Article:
Wednesday, April 8, 2015

Rust op Twist - Imperial Stout

Rust op twist is Danish for "Relax After Work,"  now how perfect a name is that for a Caribbean Stout!  I lived in St. Croix, and it was one of the great periods of my life.  Just simple living, with an abundance of beautiful weather, rum, poker and good times!  Let's bring back a little taste of that epic era in this next brew shall we?  Sold!

Cruzan sugar mill on the Plantation named, "Rust Op Twist"
Drinking my first big brew of 17 Gage, The Ole Russian Bitch, I realized just how much I love this style and need to get more in the hopper.  Man, is it delicious.  There's something about this big black beauty that I cant help but want to explore further.

In this episode I am thinking of bucking the trend a little, and going with my my long lost love, Rum, instead of Bourbon. That said, keep it local right!  So I'm going to use a little Cape Cod flavor from Truro Vineyards.  Twenty Boat Spiced Rum.  Their top dog Brewer turned Vintner turned Distiller Dave is a fermentation machine!  In his first year of distilling he hooked a top award for their spiced rum!  So, how could I not incorporate this into my brew?  Your right, I must.

I'm thinking a medium-bodied, bold, complex, balanced campfire "mostly" dry Stout.  Not huge, but something that is a one and done (maybe two). It'll fall into my "balanced beer" category requiring a careful marriage of roast and chocolate notes, coconut flavor and a nice "aha" moment from the Rum and oak.

The first obvious choice is going to be Marris Otter for the canvas to this portrait.  Let's transition the pallet from the base to the accents with C80 and C120.  I dont want to use any low Crystals as I will get that sweetness from the Rum.  Lastly, I'll add complexity, and authenticity, from the Molasses (oh yes, you cant go Caribbean style without Molasses!).  For more on this here is a great synopsis on simple sugar brewing.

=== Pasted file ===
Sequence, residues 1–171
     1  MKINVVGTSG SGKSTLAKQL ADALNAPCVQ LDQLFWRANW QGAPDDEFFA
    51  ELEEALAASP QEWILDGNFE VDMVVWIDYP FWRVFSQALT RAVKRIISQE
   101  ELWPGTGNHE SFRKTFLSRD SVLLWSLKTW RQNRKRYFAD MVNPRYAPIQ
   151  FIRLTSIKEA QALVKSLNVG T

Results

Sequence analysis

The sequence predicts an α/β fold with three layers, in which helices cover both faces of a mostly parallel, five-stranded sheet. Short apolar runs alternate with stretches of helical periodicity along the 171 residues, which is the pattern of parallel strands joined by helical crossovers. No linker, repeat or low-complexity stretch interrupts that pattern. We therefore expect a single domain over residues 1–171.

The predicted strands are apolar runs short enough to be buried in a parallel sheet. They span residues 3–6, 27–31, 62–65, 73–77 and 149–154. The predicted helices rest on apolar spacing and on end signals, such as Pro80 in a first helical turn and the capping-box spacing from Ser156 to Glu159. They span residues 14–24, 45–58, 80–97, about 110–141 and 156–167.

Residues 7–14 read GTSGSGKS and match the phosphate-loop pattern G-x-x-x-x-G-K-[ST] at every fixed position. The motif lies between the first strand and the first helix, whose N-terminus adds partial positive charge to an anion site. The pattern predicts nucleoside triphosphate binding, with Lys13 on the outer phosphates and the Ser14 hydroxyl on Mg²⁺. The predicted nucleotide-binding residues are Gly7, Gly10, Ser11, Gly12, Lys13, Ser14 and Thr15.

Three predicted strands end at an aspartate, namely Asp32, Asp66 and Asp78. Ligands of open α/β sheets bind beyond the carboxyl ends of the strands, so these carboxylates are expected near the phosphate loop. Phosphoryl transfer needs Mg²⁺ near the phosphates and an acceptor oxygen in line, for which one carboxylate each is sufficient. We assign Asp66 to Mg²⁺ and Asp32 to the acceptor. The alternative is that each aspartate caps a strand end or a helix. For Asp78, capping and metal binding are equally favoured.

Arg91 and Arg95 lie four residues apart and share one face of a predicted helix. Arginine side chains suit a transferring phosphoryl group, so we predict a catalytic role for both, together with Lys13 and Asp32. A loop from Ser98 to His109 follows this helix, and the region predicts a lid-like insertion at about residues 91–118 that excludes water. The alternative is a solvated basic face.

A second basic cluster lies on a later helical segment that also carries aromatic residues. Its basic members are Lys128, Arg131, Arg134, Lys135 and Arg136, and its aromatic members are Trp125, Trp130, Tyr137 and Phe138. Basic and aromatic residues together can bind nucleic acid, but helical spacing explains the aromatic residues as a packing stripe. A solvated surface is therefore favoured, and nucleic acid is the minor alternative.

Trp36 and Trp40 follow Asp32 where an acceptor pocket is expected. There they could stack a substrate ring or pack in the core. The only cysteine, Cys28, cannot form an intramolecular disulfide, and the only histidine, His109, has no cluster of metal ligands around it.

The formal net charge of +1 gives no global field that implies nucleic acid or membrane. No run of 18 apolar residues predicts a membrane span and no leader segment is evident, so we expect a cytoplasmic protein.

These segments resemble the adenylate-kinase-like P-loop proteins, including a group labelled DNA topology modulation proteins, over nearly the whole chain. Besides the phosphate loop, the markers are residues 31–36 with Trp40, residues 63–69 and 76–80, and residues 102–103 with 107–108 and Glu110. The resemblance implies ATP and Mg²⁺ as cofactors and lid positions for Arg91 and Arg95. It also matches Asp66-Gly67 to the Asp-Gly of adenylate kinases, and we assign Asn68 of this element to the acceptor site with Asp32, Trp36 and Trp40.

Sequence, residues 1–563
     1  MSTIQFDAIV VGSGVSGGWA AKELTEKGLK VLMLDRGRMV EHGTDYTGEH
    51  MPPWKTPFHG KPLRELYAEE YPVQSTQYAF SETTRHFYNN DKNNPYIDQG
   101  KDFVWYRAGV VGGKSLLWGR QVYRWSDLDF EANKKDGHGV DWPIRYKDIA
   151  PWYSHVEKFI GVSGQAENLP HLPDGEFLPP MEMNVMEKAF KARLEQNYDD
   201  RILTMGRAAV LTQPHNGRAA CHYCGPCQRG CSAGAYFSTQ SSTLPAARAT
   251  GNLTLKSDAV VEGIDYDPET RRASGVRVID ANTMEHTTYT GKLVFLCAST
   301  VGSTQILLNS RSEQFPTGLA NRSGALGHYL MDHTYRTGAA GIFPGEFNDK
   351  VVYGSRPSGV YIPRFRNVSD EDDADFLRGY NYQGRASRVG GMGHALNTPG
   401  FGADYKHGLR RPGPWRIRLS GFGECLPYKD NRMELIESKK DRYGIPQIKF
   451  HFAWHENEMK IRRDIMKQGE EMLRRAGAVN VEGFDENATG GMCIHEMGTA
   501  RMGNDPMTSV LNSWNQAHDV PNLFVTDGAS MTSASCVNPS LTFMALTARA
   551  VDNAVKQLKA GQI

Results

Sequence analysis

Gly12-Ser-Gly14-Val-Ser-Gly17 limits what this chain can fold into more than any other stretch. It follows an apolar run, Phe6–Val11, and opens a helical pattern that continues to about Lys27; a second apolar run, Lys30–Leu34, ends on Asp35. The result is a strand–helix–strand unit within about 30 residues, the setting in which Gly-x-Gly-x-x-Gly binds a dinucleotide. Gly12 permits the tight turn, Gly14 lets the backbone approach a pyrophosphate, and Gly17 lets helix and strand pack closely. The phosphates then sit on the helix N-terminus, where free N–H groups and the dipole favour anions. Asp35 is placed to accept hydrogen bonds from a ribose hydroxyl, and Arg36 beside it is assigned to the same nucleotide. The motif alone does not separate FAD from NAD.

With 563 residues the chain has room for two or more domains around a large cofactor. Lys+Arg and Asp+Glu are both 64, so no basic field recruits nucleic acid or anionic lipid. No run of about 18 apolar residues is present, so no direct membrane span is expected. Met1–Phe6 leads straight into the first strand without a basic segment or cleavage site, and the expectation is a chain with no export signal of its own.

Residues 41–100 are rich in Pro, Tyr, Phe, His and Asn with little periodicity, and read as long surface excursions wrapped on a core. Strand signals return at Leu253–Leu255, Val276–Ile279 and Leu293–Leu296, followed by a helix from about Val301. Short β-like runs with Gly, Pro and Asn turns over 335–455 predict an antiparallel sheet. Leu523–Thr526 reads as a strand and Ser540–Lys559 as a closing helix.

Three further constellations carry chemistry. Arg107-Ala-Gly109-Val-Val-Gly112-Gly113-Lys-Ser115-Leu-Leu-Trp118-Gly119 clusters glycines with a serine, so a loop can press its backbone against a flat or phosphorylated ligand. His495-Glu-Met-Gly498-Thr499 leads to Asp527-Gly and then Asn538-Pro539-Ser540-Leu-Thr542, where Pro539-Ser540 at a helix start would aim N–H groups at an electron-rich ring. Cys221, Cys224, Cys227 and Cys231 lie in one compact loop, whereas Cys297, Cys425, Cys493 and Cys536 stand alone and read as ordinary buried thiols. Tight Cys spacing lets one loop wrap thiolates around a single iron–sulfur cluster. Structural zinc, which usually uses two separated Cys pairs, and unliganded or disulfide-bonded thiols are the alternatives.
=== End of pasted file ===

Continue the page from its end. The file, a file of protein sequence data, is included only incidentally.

As it is a Stout we must put in our requisite amounts of roasted barley.  In this case I referenced my dry stout from early last year and my Imperial Stout as well. I enjoyed the balance of roast character in both, albeit I felt the roast was a little too acrid at 8% in the dry stout, but that aged out in 8 weeks time and this beer has more balancing malts.

After writing the above I landed with a recipe that called for a pound of roasted malt.  I took this idea to the Extreme Beer Fest in Boston and sought the advice of a Lost Abbey Brewer whose name I did not record....per his suggestion I cut the roast to half a pound.  In his opinion any more than that in any kind of Stout will transition the malt's perception from that dark, slightly bitter, coffee-ish-like glory to ashy and acrid.  As we read above, this was the case in my Dry Stout.  What I learned here is a reinforced concept of perception.  With roasted malt you can have more balancing attributes to the beer like residual sweetness, etc, but there is a point where the happy side of roast malt will give way to ashy/acrid, and in a 5G batch that happens around a pound.  So, new rule of thumb, for 5G batches if you want ashy, head to a pound plus, you want roasty, stick to half a pound of roasted malt to start and dial in from there.   Sooo...lets go with that!

Moving on!

A nice, smooth chocolate character just makes me happy, so I will add in enough for a chocolate "note," but I dont want enough to have to put it in the name, so lets keep this restrained below 5%.  It would just so happen that my boys at Devil's Purse had a sack of milled M.O. for me and they donated a sack of English Chocolate malt to the club.  Kismet.